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Changes made to craft beer ordinance amendment

After an initial first reading of a proposed amendment to an ordinance involving craft beer, the Board of Aldermen hit the reset button and started the process over this week.  

Due to further research done by the Oxford Police Department there were substantial changes made since the initial draft that was presented at the March 5 meeting. During Tuesday’s meeting the Board listened to interim Oxford Police chief Jeff McCutchen as he noted the changes as part of a new first reading. 

The ordinance would allow craft beer stores to serve beer to people as they shop. A public hearing was originally scheduled for Tuesday’s meeting, but with the changes made the Board chose to do another first reading and push the public hearing back to a later meeting. 

Key changes made to the ordinance amendment include that the establishment make a required designated area for consumption or sampling and is restricted to people 21-years of age and older. The original ordinance did not require a designated area. The times people would be allowed to drink was shortened by an hour with the new window of time being 10 a.m. to 10 p.m., Monday through Saturday. The Sunday window of 11 a.m. to 9 p.m. remained as is.  

Stores will not be able to serve craft beer in bottles under the new proposed changes, requiring all craft beer served for on-premise tasting or sampling come from a tap and served by an employee. The minimum number of taps required was also lowered from 10 to eight.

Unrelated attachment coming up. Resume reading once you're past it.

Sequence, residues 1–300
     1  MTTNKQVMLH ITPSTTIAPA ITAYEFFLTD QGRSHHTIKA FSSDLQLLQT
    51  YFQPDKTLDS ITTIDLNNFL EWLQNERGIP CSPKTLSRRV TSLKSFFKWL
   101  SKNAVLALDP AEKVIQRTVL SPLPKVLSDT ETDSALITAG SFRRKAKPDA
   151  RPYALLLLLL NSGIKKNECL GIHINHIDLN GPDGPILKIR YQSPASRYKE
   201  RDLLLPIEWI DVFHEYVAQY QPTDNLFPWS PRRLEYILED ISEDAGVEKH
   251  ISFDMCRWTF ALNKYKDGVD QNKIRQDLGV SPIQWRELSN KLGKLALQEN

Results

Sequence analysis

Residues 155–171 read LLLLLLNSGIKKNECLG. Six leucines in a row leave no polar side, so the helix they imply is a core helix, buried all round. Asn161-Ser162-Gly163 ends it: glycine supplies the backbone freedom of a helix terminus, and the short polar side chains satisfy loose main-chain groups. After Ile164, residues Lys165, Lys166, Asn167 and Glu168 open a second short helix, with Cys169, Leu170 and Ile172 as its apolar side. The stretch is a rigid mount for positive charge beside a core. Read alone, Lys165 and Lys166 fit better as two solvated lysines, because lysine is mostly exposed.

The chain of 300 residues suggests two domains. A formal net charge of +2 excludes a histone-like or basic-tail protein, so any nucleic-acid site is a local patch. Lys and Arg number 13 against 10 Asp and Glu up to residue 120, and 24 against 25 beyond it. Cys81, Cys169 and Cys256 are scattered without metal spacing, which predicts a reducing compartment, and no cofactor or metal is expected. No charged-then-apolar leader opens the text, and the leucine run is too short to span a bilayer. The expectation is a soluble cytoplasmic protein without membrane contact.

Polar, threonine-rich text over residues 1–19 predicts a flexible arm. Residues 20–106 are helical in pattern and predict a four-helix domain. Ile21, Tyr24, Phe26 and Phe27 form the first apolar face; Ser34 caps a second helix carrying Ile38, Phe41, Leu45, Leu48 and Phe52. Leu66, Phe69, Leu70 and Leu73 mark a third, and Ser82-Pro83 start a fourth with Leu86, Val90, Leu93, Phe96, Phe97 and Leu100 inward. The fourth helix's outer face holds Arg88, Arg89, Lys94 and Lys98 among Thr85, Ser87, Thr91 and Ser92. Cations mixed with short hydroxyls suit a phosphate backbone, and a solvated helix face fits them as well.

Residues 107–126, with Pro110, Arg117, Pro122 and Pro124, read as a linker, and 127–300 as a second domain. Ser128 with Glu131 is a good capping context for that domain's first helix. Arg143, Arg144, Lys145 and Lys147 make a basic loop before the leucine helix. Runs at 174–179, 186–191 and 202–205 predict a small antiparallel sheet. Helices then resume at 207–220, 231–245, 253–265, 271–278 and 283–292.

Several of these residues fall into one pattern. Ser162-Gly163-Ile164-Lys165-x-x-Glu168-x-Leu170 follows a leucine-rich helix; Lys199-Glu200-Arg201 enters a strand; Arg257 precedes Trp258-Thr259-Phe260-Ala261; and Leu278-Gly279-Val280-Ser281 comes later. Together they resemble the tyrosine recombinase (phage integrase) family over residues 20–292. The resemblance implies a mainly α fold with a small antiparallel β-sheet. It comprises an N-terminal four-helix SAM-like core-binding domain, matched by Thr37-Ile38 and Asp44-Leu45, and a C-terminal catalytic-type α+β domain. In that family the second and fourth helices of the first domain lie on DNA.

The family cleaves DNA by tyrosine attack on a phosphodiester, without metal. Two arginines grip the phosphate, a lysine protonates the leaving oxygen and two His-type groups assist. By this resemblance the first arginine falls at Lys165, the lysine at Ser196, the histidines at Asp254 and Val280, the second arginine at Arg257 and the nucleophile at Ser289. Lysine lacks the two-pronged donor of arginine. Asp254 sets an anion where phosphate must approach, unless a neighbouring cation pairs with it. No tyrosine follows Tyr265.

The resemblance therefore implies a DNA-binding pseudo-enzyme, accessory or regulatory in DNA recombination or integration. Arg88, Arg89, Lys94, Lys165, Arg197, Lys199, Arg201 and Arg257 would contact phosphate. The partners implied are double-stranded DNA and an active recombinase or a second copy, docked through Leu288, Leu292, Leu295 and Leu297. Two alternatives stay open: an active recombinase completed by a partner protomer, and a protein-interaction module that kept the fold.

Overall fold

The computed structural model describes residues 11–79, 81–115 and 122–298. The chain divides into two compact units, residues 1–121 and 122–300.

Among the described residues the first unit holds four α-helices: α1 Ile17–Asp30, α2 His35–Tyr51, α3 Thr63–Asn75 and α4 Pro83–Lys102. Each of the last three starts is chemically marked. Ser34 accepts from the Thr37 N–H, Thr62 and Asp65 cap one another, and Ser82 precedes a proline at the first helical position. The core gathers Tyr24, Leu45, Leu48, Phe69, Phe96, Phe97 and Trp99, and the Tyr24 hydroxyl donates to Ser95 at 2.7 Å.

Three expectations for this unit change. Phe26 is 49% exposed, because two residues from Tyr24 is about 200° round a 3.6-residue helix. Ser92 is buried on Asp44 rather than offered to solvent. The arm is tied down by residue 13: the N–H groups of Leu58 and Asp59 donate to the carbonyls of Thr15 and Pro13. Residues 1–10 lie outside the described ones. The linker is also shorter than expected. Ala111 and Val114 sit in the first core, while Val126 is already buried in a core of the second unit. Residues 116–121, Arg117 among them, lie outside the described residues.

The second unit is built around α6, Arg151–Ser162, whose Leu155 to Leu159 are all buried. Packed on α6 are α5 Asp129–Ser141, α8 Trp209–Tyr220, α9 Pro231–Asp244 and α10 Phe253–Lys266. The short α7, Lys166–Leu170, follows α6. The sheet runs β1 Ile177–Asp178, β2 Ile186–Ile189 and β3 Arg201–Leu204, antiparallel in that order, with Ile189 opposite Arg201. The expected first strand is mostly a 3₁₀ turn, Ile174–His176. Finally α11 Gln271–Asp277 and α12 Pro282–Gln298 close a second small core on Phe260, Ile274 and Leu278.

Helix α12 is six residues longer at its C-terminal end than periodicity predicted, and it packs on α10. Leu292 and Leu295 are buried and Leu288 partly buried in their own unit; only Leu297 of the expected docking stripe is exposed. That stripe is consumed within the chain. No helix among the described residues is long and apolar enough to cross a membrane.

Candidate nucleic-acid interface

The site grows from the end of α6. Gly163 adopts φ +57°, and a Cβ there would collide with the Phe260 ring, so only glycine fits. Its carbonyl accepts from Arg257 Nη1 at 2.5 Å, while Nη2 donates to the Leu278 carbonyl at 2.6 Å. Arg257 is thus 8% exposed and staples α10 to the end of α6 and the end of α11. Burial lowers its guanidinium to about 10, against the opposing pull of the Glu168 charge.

The biggest change was the lowering of the amount of consumption from 36 ounces to 16 ounces. A range of 20-23 ounces was considered based on blood alcohol calculations. 16 ounces was presented based on initial request and will allow for sampling of multiple one- or two-ounce samples or a combination of samples and a smaller serving size.  

“That went off of the content of craft beer versus the formula we use for an establishment where you’re not going to be eating and felt like that was too high of levels of intoxication leaving that business. That gave us concern,” McCutchen said of lowering the amount served. 

Without the need of an Alcohol Beverage Control license, the OPD would be solely responsible for the initial inspection and continued monitoring of the establishment to make sure the requirements are being met and minors are not being served. 

During the presentation of the new changes a couple aldermen voiced their concerns over the proposed ordinance change. Alderman Janice Antonow expressed concern of over-stretching the OPD’s resources and asked McCutchen if those responsibilities would ‘cumbersome’ to the department. 

“Currently you don’t have a lot of business that fit this model. What would it look like in five years, ten years, that’s something we can’t predict,” McCutchen said. “Obviously, if it gets big someone is going to come in and want to put this on a different location. So yes, in time it could (be cumbersome).” 

Alderman Ulysses Howell made a comment, stating that if the Board approved the ordinance they would be ‘opening up a can of worms.’